“You’re going to regret that, young lady,” said Billy Thompkins, who kept an eye on the register while Mildred Conrad took a quick bathroom break. Most people in Bolton were trust-worthy, but the rich folks had to be watched carefully.

Calista Jordan, the pretty teen daughter of a local banker, a girl who was a regular in the general store, probably out of boredom and the fact the closest mall was fifty miles away, gave Billy the stink-eye and smeared lip gloss on her mouth and put it back on the shelf where she found it.

She sampled the cosmetics in the clearance bins--breaking the seals on everything.

Mildred returned. “Thanks, Billy.” She waved him away from the register and resumed her position.

“Keep your eye on that’n,” he whispered in Mildred’s ear as he made his way around to the other side of the counter.


“No, putting her germs all over your makeup.” He turned and scowled at Calista.

“Calista, you can only test the stuff marked ‘tester’. If you need help, let me know.” Mildred smiled.

With a defiant smirk, Calista took the lip gloss back off the shelf, opened it, coated her lips with another layer, and promptly screwed the lid on and sat the gloss on the edge of the shelf. Wiping her hands on her jeans, she kept rubbing her lips together as she sauntered down the aisle—periodically glancing up at Mildred.

“The nerve of that girl…” Mildred mumbled under her breath to Billy.

He kept his back turned to Calista—refusing to give the brat his attention. He’d seen her many times before—spoiled, beautiful, and disrespectful. “I done told you, young lady, you’re gonna regret that. You best be getting on outa here before things get ugly.”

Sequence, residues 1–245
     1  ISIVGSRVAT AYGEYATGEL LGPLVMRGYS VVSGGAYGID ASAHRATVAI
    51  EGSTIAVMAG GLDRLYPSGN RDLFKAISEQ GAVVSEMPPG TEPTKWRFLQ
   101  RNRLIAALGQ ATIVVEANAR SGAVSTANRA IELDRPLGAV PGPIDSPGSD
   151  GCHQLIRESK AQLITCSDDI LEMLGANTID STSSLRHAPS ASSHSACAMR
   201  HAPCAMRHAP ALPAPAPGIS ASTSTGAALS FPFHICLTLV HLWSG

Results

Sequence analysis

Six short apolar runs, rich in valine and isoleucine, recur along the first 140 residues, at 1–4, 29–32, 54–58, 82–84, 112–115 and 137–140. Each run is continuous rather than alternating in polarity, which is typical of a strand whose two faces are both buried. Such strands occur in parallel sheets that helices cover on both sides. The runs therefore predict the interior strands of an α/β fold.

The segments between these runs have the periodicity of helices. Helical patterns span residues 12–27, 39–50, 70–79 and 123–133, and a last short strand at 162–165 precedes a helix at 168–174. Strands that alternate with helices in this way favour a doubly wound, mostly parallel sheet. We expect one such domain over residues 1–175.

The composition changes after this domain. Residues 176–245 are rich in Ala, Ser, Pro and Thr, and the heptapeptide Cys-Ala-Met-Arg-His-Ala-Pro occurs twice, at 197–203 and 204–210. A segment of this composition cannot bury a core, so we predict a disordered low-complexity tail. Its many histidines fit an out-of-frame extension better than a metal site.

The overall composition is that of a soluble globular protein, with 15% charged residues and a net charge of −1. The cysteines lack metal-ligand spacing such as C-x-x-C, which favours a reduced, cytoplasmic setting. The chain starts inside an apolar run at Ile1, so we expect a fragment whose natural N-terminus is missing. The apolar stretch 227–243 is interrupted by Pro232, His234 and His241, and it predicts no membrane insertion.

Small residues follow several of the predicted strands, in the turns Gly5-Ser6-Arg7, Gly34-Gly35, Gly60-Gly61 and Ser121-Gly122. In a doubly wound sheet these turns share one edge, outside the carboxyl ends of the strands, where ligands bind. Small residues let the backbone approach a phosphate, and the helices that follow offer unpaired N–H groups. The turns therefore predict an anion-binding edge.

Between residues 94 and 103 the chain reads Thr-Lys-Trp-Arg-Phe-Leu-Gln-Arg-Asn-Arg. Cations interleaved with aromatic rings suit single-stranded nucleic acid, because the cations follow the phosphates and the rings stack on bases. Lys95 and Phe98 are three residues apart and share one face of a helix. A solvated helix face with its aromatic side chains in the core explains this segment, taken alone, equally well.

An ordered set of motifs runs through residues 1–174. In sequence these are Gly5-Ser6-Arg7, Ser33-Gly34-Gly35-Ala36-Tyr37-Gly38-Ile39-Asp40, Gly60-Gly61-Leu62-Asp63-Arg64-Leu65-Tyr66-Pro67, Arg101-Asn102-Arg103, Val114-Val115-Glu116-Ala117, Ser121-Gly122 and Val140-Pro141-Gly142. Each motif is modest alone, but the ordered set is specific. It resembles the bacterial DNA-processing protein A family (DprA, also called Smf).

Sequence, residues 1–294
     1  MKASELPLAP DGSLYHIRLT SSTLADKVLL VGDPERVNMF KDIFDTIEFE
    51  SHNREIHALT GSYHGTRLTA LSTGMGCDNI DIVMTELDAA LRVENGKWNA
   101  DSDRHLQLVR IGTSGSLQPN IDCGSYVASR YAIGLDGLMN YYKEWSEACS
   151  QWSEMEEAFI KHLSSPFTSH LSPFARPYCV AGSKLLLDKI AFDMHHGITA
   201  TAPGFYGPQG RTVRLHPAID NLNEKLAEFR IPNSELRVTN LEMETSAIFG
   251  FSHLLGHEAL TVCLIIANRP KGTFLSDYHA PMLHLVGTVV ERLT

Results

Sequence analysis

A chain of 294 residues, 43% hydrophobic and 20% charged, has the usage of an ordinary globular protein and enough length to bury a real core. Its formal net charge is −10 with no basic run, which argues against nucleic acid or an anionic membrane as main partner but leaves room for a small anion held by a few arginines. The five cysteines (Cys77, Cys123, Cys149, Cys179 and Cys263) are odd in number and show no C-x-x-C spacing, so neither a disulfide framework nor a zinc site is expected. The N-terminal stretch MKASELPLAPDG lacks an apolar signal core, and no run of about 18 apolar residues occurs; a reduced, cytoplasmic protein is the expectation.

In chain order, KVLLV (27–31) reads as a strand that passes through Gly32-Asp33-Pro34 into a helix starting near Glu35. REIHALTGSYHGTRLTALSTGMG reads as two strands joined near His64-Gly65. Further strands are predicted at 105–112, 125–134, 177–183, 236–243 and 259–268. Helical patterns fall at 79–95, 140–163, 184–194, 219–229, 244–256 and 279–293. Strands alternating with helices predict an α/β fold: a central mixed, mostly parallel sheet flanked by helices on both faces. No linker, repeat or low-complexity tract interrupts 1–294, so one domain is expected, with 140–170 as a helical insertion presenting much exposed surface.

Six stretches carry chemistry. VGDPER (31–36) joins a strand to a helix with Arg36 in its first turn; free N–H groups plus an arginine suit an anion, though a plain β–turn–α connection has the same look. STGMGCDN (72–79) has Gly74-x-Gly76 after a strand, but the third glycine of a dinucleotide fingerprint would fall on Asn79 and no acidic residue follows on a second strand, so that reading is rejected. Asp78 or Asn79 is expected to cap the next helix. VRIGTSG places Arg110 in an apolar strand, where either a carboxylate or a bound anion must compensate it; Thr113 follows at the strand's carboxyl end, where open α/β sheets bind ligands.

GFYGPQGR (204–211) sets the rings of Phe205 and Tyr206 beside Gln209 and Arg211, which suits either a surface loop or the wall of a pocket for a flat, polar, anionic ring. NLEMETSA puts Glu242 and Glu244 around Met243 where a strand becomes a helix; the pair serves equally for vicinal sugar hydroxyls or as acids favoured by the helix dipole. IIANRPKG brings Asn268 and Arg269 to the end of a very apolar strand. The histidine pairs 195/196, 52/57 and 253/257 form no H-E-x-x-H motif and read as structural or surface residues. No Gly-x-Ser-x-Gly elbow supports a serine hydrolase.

Mildred frowned and shook her head at Billy. “Don’t threaten.”

“I wasn’t. I’m just stating fact.” He looked in the surveillance monitor and watched Calista’s reaction. She got fidgety, like they always do, tough stuff ‘til somebody stands up to them and he hadn’t even tried to scare her, yet.

A few minutes later, Calista came to the register with a soda in her hand. She placed it on the counter and dug money out of her designer purse.

“Guess you ain’t noticed our new security camera.” Billy inched himself closer to Calista to get a good view. He could almost smell her nervousness.

Her eyes grew wide; she took a tiny gasp and stopped scrounging around in her purse for a second. She stiffened her back. “Whatever, old man.” With a dramatic head toss, she turned toward him.

He grinned and savored the anxiety in her eyes. “Daddy might like a private viewing of his little princess and her escapades about town.”

“It’s not against the law to sample.” She squared her shoulders with Billy and hid her fear like a girl accustomed to lying and manipulating. Typical.

“No need to make a big deal out of this,” Mildred said—winking at Billy behind Calista’s back. “Calista’s been coming in here since she was a little thing. She knows we don’t have a security camera.”

A wide grin spread across Calista's lips as she stuck her hand on her hip.

Her triumphant glow amused Billy. He pulled the digital camera sized monitor from his pocket and held it in front of her face and pushed rewind and play.